The United States Court of Appeals for the First Circuit held that regulations promulgated by the Attorney General of Massachusetts that ban advertising for tobacco products within 1,000 feet of a public playground, park, or school, do not violate the first amendment rights of tobacco manufacturers, and are not preempted by the Federal Cigarette Labeling and Advertising Act (FCLAA). Consolidated Cigar v. Reilly, No. 00-11-7, 7/17/00. Writing for the court, Chief Judge Torruella, noting that the regulations effectively would prohibit cigarette advertising in 90% of the state's three largest metropolitan areas, found that the regulations were reasonable in light of the government's interest in protecting minors from tobacco-related injuries.
The regulations restrict the sale, promotion, and labeling of cigarettes, smokeless tobacco, and cigars, and make specified conduct of manufacturers, distributors, and producers per se unfair or deceptive acts or practices under state law. They ban promotional giveaways and mail-ordering without verification of age, as well as outdoor advertising near schools and playgrounds if it is lower than five feet from the floor of a retail establishment. (The regulations did allow a "tombstone" sign stating that tobacco products are sold here; however the district court found that this provision was preempted, and that finding was not appealed.) The regulations also require that all packages and all advertising of cigars include a health warning.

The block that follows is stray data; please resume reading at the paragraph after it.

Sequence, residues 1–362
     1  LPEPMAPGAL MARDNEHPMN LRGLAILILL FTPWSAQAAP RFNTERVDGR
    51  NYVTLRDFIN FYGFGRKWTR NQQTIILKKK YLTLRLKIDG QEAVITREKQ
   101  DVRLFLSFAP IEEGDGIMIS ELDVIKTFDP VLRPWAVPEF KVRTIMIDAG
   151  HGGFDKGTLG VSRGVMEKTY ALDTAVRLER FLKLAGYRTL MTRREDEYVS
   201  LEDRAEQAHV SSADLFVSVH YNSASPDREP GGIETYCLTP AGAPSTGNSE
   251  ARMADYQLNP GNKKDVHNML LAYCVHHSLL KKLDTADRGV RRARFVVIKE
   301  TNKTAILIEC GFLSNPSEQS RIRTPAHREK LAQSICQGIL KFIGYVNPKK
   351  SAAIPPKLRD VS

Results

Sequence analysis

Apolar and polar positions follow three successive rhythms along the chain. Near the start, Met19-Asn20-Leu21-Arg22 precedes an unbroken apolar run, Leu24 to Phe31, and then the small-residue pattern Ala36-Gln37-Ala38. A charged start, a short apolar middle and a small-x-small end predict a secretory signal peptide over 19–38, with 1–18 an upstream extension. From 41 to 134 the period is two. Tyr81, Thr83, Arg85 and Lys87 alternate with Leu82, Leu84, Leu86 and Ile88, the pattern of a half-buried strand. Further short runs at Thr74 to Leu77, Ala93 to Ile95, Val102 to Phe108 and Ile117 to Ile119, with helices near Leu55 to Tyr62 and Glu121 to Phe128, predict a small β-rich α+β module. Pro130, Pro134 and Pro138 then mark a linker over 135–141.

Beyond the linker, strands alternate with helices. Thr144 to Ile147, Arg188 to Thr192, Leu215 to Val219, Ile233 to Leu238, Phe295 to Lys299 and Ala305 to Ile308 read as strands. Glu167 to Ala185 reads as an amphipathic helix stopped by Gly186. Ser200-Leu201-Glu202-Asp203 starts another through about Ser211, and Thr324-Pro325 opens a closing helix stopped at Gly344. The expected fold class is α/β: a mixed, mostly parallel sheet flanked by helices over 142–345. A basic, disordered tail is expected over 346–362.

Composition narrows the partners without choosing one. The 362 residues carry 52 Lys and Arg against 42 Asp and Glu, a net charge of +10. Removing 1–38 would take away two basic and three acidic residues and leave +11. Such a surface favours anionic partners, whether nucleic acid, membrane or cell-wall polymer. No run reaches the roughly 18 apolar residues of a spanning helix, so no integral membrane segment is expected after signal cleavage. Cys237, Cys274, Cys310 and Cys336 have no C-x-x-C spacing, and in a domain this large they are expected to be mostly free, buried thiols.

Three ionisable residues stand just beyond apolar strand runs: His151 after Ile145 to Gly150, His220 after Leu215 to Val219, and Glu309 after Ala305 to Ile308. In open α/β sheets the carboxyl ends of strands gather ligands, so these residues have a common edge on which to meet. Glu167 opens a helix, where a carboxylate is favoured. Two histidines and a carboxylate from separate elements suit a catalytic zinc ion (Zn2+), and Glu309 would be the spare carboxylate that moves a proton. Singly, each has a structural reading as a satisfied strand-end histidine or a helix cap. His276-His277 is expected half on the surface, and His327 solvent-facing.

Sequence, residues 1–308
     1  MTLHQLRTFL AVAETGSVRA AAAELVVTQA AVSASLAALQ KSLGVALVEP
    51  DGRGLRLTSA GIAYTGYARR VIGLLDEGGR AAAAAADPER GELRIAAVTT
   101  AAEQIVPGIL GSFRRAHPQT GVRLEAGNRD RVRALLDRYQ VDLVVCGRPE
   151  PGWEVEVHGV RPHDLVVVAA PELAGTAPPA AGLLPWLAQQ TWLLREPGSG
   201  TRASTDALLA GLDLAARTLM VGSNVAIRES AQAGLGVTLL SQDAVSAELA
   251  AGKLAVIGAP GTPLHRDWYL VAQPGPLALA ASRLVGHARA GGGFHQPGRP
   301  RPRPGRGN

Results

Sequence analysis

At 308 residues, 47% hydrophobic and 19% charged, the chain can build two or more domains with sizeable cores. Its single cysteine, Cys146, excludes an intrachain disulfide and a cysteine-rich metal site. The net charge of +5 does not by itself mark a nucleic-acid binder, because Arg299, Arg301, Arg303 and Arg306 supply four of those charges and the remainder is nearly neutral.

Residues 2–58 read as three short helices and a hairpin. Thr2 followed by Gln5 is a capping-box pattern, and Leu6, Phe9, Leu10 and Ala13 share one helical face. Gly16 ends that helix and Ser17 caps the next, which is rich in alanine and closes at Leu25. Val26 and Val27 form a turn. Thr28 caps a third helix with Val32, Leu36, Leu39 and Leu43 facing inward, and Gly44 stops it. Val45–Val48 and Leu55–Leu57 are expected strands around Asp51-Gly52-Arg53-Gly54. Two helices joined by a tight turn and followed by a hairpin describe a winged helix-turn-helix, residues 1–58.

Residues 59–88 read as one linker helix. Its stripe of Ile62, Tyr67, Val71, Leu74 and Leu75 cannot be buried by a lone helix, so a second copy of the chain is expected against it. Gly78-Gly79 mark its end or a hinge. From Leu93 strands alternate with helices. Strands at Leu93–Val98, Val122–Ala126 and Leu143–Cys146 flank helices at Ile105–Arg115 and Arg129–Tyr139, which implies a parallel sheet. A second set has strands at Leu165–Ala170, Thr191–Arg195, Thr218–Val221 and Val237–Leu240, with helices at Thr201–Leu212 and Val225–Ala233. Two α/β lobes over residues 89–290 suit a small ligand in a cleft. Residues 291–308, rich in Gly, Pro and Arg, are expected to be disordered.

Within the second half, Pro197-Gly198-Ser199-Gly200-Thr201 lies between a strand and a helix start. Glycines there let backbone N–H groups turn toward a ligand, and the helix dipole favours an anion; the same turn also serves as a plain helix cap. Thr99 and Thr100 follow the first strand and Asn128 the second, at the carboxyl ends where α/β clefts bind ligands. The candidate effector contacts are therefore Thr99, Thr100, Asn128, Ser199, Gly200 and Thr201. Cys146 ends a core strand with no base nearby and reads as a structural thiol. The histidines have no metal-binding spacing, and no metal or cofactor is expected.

The court rejected plaintiffs' claim of preemption, citing cases from the Second and Seventh Circuits. It stated that the regulations do not interfere with the Congressional scheme for labeling and advertising cigarettes and smokeless tobacco, and that the restrictions to not present the sort of standards toward which Congress directed the FCLAA. The court did agree with plaintiffs' contention that the restrictions were content-based, but did not see a first amendment issue, because they are aimed at all tobacco products regardless of brand or manufacturer, and they permit nonpromotional speech about tobacco by any speaker.
The court found that the regulations directly advance a substantial state interest, namely the attorney general's interest in reducing tobacco use by and tobacco sales to minors. It did not accept the argument that the regulations were overly restrictive, finding that the 1,000-foot limitation is based on a rule implemented by the FDA after a lengthy investigation.
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